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Finding Your Niche

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One physical therapy practice gets creative with its aquatic programming.

Veronica Paquette, PT, ATRIC, PRC

Running a physical therapy practice is similar to running any kind of a business: You need to find (or make) a niche. What that niche consists of is up to you and your team, but it has to stand out among the other options patients and physicians have.

Years ago, our Vermont practice needed to increase not only the number of patients we wanted to see, but also our options for treating those patients. Though we use land-based methods, we realized that being able to offer a complementary type of therapy treatment would be advantageous for both our patients, as well as our business. After careful planning, we determined that adding aquatic programming to our physical therapy techniques was the innovation we needed to round out our abilities and offerings.

Why Choose Aquatics?

Aquatic therapy has been around for a while, but it is come a long way since physical therapists worked with patients in standard pools. Today’s warm-water therapy pools, equipped with treadmill floor and resistance jets, afford advances that truly make an enormous impact on the therapeutic exercises patients can do, how soon they can do them, how much they can expect to achieve, and even how quickly they heal after surgeries. Best of all, aquatics can be used as either an introduction to land-based physical therapy or, in some cases, in lieu of it. Even people who are wheelchair-bound can move their bodies in a water-based environment, allowing them to gain strength and build cardiovascular endurance. When immersed up to their chest, they are able to move more freely. This makes it versatile, and means the physical therapists can use innovation in patient treatment.

What Types of Exercises Can Patients Do in the Water?

One of the biggest surprises for many patients is that they are able to tolerate more activity with the support of a special warm-water therapy pool. Once their fears are minimized (some fear falling, but overcome that once they realize they can hold onto the side of the pool or handrails, as well as the physical therapist in the pool with them), they find they have a wealth of options. Typically, due to the support the water provides, patients find that their pain levels are much less in the water, and they are therefore able to move more freely, and with less compensatory strategies. This, in turn, helps to expedite their progress.

Exercises include, but are not limited to, leg abduction/adduction, arm “push-pull” activities, knee extension/flexion, shoulder external/internal rotation and lateral arm raises. Using a snorkel and mask allows for prone work to enable greater shoulder range of motion and ability to work on scapular stabilization activities. We may also have patients float supine with a cervical collar and buoyant belt to complete additional scapular stabilization activities, or just to promote relaxation of those overactive upper trap muscles.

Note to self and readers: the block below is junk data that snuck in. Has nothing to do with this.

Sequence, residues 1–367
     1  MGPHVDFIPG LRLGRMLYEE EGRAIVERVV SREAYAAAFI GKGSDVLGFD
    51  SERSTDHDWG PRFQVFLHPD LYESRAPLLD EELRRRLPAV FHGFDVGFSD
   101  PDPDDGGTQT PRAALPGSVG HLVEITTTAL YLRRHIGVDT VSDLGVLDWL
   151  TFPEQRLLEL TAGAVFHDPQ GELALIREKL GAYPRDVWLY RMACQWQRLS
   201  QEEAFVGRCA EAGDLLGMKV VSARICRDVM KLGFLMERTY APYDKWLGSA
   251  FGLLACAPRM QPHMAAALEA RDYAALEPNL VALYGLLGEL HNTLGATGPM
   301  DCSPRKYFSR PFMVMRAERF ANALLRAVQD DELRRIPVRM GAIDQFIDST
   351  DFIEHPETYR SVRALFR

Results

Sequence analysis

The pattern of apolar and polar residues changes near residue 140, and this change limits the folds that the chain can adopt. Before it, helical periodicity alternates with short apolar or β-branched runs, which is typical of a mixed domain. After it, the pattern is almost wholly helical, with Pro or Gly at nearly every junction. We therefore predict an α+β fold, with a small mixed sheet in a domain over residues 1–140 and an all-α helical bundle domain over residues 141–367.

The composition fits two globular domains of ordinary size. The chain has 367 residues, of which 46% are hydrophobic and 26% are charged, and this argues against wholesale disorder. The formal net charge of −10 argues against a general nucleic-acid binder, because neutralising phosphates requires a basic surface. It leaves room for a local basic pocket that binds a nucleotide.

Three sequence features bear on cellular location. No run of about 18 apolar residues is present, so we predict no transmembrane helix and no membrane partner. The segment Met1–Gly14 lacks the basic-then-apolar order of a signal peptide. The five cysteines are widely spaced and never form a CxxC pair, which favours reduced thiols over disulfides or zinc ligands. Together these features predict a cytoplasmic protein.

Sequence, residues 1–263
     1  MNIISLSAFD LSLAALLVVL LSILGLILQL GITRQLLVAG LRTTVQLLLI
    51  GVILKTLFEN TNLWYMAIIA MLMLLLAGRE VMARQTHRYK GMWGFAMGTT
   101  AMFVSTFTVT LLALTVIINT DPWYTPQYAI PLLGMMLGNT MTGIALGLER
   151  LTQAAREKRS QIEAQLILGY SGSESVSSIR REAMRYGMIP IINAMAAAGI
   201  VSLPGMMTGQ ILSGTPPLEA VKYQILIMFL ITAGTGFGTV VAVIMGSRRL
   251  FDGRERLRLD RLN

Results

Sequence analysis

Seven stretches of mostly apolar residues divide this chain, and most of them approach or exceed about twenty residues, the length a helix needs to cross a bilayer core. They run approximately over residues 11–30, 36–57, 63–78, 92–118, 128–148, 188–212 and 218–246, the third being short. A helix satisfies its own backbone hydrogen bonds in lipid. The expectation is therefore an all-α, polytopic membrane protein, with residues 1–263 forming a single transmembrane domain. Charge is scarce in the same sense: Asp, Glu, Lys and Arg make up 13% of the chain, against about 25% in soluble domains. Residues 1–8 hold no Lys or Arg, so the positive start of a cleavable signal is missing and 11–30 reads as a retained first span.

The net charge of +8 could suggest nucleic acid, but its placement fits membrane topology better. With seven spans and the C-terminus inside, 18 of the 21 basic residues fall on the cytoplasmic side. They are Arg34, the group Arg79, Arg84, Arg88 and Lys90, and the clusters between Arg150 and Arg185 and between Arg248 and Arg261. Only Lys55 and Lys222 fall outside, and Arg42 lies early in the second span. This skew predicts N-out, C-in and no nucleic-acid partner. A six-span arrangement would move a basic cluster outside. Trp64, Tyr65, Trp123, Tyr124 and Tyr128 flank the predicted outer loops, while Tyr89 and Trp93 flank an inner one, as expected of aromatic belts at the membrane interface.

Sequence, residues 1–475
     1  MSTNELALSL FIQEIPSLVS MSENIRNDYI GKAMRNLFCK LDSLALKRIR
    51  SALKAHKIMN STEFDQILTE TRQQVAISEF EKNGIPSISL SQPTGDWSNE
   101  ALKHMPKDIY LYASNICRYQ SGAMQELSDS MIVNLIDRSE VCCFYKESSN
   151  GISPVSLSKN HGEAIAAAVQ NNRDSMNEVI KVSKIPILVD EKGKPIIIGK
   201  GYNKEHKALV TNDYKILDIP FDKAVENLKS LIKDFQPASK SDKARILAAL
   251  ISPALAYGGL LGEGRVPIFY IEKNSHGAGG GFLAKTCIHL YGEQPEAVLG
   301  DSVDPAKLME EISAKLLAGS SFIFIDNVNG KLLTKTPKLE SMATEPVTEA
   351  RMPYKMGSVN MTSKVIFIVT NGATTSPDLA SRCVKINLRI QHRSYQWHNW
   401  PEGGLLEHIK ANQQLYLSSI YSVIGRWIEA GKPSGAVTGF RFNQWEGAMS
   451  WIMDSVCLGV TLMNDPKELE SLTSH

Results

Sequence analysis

Peripheral devices for added resistance or stretching include gloves with webs, dumbbells, aqua fins, buoyant cuffs and hand paddles. The use of resistance jets add challenges to balance and stability. With the treadmill floor, we can introduce gait exercises such as walking sideways (e.g., grapevine step), walking backwards, walking in general, jogging, or even running!

Therapy sessions typically end by focusing the warm water resistance jets using a special hose. We can gently massage muscles and scar tissue, and patients often comment that this becomes their favorite “cool down.”

Generate Additional Revenue with Pool Memberships

To help recoup the costs associated with having an aquatic therapy pool, our facility has instituted a practice membership. The membership is offered to prior clients, and cannot be purchased by the public. Membership allows clients to schedule blocks of time when our team is not working with physical therapy patients and the pool would therefore be unoccupied. The underwater treadmill in the pool is sometimes running continuously for 12 hours, which means we leave no time wasted. We reap passive income by being open-minded and giving our former patients the ability to continue to work in the pool during the open pool time. Although some people also use cooler pools at their health clubs, they report that our therapy pool is cleaner and more comfortable. Plus, their constant presence is a good reminder to current patients that they can continue to make incredible strides even after their work with us is technically finished.

Entrepreneurial Decisions, Financially-Advantageous Results

Creativity is necessary for every entrepreneur, including physical therapy practice owners. While patient care must always remain at top-of-mind, adding value through aquatics is one way to ensure that treatment methods are wide-ranging and multiple types of patients can benefit from the practice’s offerings.

In the beginning, it requires time to educate people, including your own team members, about the opportunities afforded aquatic therapy. However, once everyone understands the potential that a therapy pool can promote a new era of providing health care and enjoying new revenue streams can begin.

Veronica Paquette, PT, ATRIC, PRC, is the owner of Essex Aquatic & Rehab Center. She can be reached at vpaquette@gmavt.net.